- Fri Aug 10, 2018 3:57 pm
It looks to me like the main issue for you is over-working the passages, mo_wan. It looks like you are putting in too much thought, time, and effort in the reading portion of RC, which is preventing you from getting to the more important task of answering the questions.
It seems to me that you are treating VIEWSTAMP as a process that you need to go through, and that can be very helpful in the review portion of your practice, to help you learn what you could have done better, but it is not the best way to use that tool under timed conditions. Instead, I want you to think about VIEWSTAMP as being a guide for what you should be looking for and taking note of as you read. Here's what I mean:
I just pulled up an RC passage at random, and it is the first passage from December 2005, about cave paintings. I start reading, and right away I see that the author finds the issue to be "intriguing". That indicates something about the author's tone - he's intrigued! - and his viewpoint, so I just note in the margin VA to indicate the viewpoint of the author, and perhaps circle the word "intriguing," and I keep on reading. A little further along I see something about "some anthropologists" and their viewpoint, so I mark that in the margin with Vanthro (I have to distinguish this A group from the author somehow). I am also now on alert for our author or some other people to perhaps disagree with these folks, because that is classic LSAT structure - "some people say something, but they may be wrong, and here's why." Right after their viewpoint we see their argument, and I mark it with "arg" in the margin. Further on still I see that the author used the word "curiously," and that's another viewpoint indicator and also introduces a problem with the argument we just heard about, so I would circle that and take another brief note. And so on.
You see that I am not talking about the details here, nor am I stopping to summarize. My goal is simply to mark up a map of the passage that will later be used to point me towards where I should look to find answers to questions. I can use these notes to find information that will help me answer questions about what the author thinks or feels, or what those anthropologists believed and why, and I can weaken or strengthen their argument if asked because it will be quick and easy for me to find and read that argument if I need to do so.
Don't stop and analyze along the way! The read-through is just a quick trip for familiarization, to get the lay of the land. You want to pick up enough to prephrase the main point and the tone, but that's about all. Then, with each question you should expect to go back into the passage to find the evidence you need to prephrase when you can and to sort the losers from the contenders.
For example, question 4 of that passage asks me why the author mentioned that the paintings were inaccessible. I don't remember why he said that, but I remember where he said that because I noted it - that was the "curiously" claim - so now, before even thinking about looking at answer choices, I am going to go back and read that section again. When I do, I form a prephrase along the lines of "he said that in order to cast doubt on the earlier argument and make way for the alternate hypothesis mentioned next." With that prephrase in mind, I head into the answers to sort them into losers and contenders, and answer B is a slam dunk!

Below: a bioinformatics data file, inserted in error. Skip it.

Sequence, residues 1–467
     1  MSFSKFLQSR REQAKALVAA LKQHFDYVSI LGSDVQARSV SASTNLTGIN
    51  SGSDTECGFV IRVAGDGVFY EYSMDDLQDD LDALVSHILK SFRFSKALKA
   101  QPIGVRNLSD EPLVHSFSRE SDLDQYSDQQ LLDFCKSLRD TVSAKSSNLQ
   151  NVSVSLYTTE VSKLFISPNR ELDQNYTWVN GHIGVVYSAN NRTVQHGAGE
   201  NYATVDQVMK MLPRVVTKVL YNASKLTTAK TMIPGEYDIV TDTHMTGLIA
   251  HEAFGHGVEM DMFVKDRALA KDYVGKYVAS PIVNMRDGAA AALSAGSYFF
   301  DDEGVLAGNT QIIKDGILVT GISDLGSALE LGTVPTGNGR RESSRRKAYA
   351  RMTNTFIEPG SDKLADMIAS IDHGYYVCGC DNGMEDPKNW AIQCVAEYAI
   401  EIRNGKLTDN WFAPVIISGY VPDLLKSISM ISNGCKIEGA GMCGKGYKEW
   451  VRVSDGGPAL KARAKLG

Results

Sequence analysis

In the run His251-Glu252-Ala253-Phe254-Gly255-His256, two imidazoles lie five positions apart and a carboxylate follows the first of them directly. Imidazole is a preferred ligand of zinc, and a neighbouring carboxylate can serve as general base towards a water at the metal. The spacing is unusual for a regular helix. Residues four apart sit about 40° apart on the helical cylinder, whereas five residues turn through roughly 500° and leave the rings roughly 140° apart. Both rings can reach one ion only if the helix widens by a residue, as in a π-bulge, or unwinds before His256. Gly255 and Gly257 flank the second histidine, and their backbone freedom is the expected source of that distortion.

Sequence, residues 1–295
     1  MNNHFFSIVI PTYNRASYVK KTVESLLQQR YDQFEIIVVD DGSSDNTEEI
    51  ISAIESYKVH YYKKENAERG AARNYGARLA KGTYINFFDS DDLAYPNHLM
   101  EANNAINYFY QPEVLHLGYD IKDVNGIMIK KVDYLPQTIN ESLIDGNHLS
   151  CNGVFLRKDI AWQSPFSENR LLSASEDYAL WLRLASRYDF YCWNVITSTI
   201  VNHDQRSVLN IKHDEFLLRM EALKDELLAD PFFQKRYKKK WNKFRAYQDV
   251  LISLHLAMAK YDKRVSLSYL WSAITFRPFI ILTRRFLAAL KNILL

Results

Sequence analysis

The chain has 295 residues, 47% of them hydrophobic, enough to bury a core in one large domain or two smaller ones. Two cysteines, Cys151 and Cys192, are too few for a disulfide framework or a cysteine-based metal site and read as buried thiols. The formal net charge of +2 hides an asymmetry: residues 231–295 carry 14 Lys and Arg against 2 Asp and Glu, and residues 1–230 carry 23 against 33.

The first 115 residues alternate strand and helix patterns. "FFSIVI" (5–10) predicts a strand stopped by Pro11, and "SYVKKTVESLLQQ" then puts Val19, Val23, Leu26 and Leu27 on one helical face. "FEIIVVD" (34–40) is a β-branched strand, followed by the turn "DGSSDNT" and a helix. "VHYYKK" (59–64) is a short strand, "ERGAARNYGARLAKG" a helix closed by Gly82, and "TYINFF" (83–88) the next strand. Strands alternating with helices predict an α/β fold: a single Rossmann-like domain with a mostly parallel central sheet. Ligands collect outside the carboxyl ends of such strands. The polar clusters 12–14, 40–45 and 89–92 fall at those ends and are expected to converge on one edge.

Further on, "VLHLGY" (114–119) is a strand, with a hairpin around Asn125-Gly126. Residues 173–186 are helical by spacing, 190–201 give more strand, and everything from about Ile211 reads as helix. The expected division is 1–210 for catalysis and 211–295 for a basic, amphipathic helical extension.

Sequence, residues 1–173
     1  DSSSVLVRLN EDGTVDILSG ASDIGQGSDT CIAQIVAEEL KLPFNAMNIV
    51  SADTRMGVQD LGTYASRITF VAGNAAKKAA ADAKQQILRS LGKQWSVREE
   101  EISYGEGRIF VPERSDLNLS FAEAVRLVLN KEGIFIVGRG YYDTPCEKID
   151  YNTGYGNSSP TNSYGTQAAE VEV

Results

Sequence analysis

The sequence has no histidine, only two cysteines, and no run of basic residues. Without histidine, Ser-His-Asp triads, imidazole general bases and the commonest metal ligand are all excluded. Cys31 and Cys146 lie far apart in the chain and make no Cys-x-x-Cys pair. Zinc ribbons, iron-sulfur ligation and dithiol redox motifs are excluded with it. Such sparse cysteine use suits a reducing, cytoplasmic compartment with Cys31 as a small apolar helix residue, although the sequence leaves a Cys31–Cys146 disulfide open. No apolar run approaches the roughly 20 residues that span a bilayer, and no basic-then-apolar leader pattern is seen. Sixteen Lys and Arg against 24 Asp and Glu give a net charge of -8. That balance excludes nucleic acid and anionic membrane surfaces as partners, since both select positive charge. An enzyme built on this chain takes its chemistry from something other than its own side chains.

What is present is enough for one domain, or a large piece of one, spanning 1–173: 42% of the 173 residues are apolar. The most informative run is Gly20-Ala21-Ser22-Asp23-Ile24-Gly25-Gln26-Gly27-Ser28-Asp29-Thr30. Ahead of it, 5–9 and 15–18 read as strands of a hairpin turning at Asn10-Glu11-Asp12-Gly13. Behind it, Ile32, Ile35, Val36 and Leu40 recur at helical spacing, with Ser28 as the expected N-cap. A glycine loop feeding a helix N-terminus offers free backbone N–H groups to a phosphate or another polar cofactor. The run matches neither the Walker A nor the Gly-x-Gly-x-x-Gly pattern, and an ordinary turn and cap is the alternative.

I'll tell you that in a typical RC section with 27 questions, I go back to the passage as described above at least 22 times, probably more. That's where I am spending my real time and effort in RC - finding evidence to answer questions, rather than reading slowly and carefully and analyzing what I read.
Shift your focus away from comprehension and analysis, and towards marking up a map like leaving a trail of breadcrumbs to find your way back to the important things you will later be asked about. Don't skim - you still have to read every word in order to know what's where - but don't re-read or linger and think too much about what you read. Use VIEWSTAMP to help you recognize what those important things are that are worth notating as you read.
Give that a try, and give it a fair shake over at least half a dozen passages, because adapting to a new approach takes time and effort and can be a painful process at first. Once you have developed the habit, I expect that you will find yourself moving more quickly through the passages, taking more time on the questions but being more confident and accurate in selecting answers, and ultimately not only increasing your accuracy but also your overall speed because you are not wasting time on things that are not directly related to the task at hand and you are not stuck debating between answer choices. You will answer more questions, and get more of them right.
Let us know after a week or so how that's going! I think you'll be pleased with the results. Good luck!
Adam M. Tyson
PowerScore LSAT, GRE, ACT and SAT Instructor
Follow me on Twitter at https://twitter.com/LSATadam